An international collaboration that includes a Vanderbilt University Divinity scholar has published three new online reference works to help preserve Syriac, a Middle Eastern language and culture on the edge of extinction.
The Syriac language is a dialect of Aramaic used extensively by Christians in the Middle East.
“For more than a thousand years, Syriac was one of the most widely used languages in the ancient and medieval culture,” said David A. Michelson, assistant professor of the history of Christianity at Vanderbilt Divinity School. He is also an affiliate assistant professor of classical and Mediterranean studies in the College of Arts and Science. “Syriac culture is very important for understanding key moments in the development and intersection of Judaism, Christianity and Islam.”
This new research on Syriac culture is published by Syriaca.org, an online reference work of which Michelson is the general editor. Syriaca.org has received funding from the National Endowment for the Humanities and the International Balzan Prize Foundation.
Syriaca.org seeks to document the history of all “Syriac heritage communities,” which includes several Aramaic minority populations in the Middle East who have ties to the Syriac language. These communities include ethnic and religious populations who identify various as Syriac, Assyrian, Aramean, Maronite, St. Thomas Christians, Chaldean Catholic, Antiochian Othodox, Syro-Malabar Catholic and the Church of the East.
As a result of ongoing strife in countries such as Syria and Iraq, the present-day Syriac and Aramaic-heritage communities have been under extreme pressure to flee or risk death. “In addition to this terrible human cost, Syriac and Aramaic cultures are gravely threatened,” Michelson said. “Syriaca.org is striving to preserve and digitally record the collective heritage of these threatened communities around the world.”
The three new online publications works are A Guide to Syriac Authors, a handbook of persons who wrote in Syriac; Qadishe, a digital catalogue of saints venerated by the Syriac churches; and Bibliotheca Syriaca Hagiographica Electronica, a guide to Syriac literature about these saints.
“There was a period of time—about 300 to 1300 A.D.—when Syriac culture, especially its literature, flourished,” Michelson said. “Syriac-speaking communities could be found in what today would be Turkey, Lebanon, Israel, Palestine, Syria, Iraq, Iran, India, Central Asia, China and Mongolia. In fact, the medieval version of the Mongolian alphabet was actually derived from the Syriac alphabet.”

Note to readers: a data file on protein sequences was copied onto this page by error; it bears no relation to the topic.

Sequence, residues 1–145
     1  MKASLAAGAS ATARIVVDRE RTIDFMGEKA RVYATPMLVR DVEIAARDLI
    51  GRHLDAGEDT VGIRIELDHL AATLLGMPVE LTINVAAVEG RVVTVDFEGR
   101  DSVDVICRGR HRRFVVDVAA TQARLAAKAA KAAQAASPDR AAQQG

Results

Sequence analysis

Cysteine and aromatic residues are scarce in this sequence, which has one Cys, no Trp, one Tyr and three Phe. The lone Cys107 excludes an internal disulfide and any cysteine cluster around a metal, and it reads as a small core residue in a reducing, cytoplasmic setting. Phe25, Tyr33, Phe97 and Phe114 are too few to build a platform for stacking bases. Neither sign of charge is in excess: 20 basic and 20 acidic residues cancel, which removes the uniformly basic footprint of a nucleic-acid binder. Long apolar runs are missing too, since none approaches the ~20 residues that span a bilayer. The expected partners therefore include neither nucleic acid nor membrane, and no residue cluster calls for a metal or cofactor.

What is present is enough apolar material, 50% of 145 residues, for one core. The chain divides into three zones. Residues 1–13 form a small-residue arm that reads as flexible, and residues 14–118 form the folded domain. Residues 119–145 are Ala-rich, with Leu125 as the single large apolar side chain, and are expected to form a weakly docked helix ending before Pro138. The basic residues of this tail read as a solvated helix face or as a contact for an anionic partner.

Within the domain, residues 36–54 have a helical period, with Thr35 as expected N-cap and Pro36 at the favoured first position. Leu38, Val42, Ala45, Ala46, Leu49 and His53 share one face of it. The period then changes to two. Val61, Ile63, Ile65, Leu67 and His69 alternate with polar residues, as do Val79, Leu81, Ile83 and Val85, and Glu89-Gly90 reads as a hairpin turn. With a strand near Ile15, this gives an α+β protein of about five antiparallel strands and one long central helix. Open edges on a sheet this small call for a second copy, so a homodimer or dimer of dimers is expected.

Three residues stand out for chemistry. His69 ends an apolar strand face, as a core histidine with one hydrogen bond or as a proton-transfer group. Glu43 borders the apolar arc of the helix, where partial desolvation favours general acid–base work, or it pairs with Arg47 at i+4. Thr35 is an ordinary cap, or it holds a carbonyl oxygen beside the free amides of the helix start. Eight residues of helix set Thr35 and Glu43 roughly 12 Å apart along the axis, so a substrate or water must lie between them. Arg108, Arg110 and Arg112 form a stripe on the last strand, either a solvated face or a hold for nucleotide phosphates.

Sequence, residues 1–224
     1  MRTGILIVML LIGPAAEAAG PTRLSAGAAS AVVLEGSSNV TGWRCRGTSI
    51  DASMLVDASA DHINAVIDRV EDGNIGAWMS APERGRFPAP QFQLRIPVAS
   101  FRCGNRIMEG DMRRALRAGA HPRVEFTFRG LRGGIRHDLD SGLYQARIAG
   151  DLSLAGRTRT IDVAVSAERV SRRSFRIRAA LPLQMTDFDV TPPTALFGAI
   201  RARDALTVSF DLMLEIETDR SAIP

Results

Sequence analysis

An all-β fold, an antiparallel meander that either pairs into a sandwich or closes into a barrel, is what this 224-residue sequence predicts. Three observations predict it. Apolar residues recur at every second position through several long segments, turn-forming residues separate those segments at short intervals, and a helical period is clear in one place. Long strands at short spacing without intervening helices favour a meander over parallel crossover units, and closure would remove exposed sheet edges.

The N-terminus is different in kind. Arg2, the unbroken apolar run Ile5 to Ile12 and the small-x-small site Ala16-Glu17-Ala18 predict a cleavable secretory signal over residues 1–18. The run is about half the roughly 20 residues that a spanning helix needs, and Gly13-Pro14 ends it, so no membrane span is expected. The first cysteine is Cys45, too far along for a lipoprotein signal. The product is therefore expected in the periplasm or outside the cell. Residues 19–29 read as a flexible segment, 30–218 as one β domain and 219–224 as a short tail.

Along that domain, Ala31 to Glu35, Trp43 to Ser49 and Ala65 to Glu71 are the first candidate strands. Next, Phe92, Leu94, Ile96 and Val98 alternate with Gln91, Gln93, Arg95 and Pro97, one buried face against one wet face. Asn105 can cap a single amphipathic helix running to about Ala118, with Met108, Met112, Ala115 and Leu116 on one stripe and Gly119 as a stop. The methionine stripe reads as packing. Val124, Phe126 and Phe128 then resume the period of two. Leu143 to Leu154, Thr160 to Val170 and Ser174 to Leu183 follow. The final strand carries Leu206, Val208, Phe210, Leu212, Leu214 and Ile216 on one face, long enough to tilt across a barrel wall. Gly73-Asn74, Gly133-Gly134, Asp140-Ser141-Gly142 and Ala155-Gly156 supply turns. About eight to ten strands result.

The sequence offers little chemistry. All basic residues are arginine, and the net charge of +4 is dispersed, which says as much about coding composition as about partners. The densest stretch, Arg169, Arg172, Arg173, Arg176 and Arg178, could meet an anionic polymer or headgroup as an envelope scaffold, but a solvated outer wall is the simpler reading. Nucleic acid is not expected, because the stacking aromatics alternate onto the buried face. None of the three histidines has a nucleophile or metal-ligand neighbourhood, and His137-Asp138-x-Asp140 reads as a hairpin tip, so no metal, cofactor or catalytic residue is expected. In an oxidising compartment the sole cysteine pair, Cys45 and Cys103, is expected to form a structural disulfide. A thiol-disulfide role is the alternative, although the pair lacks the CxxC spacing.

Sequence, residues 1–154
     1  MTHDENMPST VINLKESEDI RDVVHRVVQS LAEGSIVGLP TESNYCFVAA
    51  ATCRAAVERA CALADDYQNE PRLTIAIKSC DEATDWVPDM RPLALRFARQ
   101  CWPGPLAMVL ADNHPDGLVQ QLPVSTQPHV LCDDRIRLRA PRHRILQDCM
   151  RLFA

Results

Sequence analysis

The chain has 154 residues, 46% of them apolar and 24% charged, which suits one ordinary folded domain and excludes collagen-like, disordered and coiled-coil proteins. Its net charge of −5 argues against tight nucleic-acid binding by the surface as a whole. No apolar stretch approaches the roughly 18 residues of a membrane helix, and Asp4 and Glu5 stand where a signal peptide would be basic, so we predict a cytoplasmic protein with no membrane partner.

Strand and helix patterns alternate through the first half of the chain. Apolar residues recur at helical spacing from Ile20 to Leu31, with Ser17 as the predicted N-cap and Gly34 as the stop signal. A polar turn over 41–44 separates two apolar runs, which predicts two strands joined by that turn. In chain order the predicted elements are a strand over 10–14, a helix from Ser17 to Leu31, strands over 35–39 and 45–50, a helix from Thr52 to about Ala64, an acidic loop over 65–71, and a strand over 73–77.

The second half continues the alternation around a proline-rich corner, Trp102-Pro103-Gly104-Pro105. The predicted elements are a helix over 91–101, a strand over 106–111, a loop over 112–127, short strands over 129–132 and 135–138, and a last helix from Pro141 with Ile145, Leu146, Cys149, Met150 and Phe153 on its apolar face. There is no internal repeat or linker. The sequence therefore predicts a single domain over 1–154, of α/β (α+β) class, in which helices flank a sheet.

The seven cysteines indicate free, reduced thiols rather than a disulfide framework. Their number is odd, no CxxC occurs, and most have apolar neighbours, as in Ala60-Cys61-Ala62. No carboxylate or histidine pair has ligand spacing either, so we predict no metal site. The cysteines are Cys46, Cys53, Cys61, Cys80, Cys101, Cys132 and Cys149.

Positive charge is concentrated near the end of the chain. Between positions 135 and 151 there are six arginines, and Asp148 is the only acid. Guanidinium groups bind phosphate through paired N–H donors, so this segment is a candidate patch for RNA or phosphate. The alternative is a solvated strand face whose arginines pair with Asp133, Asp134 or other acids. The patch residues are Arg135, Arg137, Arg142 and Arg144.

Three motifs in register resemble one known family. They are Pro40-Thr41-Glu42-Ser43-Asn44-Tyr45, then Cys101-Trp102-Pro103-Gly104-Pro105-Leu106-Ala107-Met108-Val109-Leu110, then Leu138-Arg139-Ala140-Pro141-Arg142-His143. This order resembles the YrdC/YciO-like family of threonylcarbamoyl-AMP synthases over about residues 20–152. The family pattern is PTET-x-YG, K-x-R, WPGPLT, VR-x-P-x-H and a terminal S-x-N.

Michelson noted that the new publications are interlinked. For example, one might look up information about a particular saint in the guide to saints. The saint’s biographical page then points the reader to the Syriaca.org authors guide for information about an author who wrote about the saint. That author page then links to the Syriaca.org guide on Syriac literature. In 2014, Syriaca.org published The Syriac Gazetteer, a geographical guide to Syriac culture which is also linked in the same way to these new publications.
Michelson’s use of digital technology to document ancient history is part of new research at Vanderbilt in the field of digital humanities. The recently opened Vanderbilt Center for Digital Humanities in Buttrick Hall supports Michelson’s work and similar research on campus. “A core aspect of the Syriaca.org research is using digital technology to gather and publish our collected data,” Michelson said. “Just to illustrate, we have some 1,800 texts in our guide to the Syriac saints. Keeping our information online makes updates much easier.”
“Having a digital humanities center at Vanderbilt means that there’s a lot of energy, faculty collaboration and opportunity to train undergraduates and graduate students in digital research methods for the humanities,” Michelson said.
One example of faculty across disciplines sharing resources involves Michelson and Steven Wernke, associate professor of anthropology and director of the Spatial Analysis Research Lab.
“The code that we wrote for The Syriac Gazetteer was done in such a way that researchers could use it for describing other historical geographic data,” Michelson said. “Steve was able to use the application that we had built—changing the Syriac to the relevant South American languages for his research—for a historical gazetteer of the Andes region. That’s exactly the sort of scholarly collaboration that can happens when digital resources are shared.”
Those who would like to learn more about Michelson’s digital humanities research are invited to view “Syriac: Preserving an Endangered World Culture” at the Vanderbilt Divinity Library through September 2017. Charlotte Lew, a Divinity Library assistant, and Stephanie Fulbright, a master’s of theological studies candidate, were the co-curators with Michelson for this exhibit, which has a permanent home online.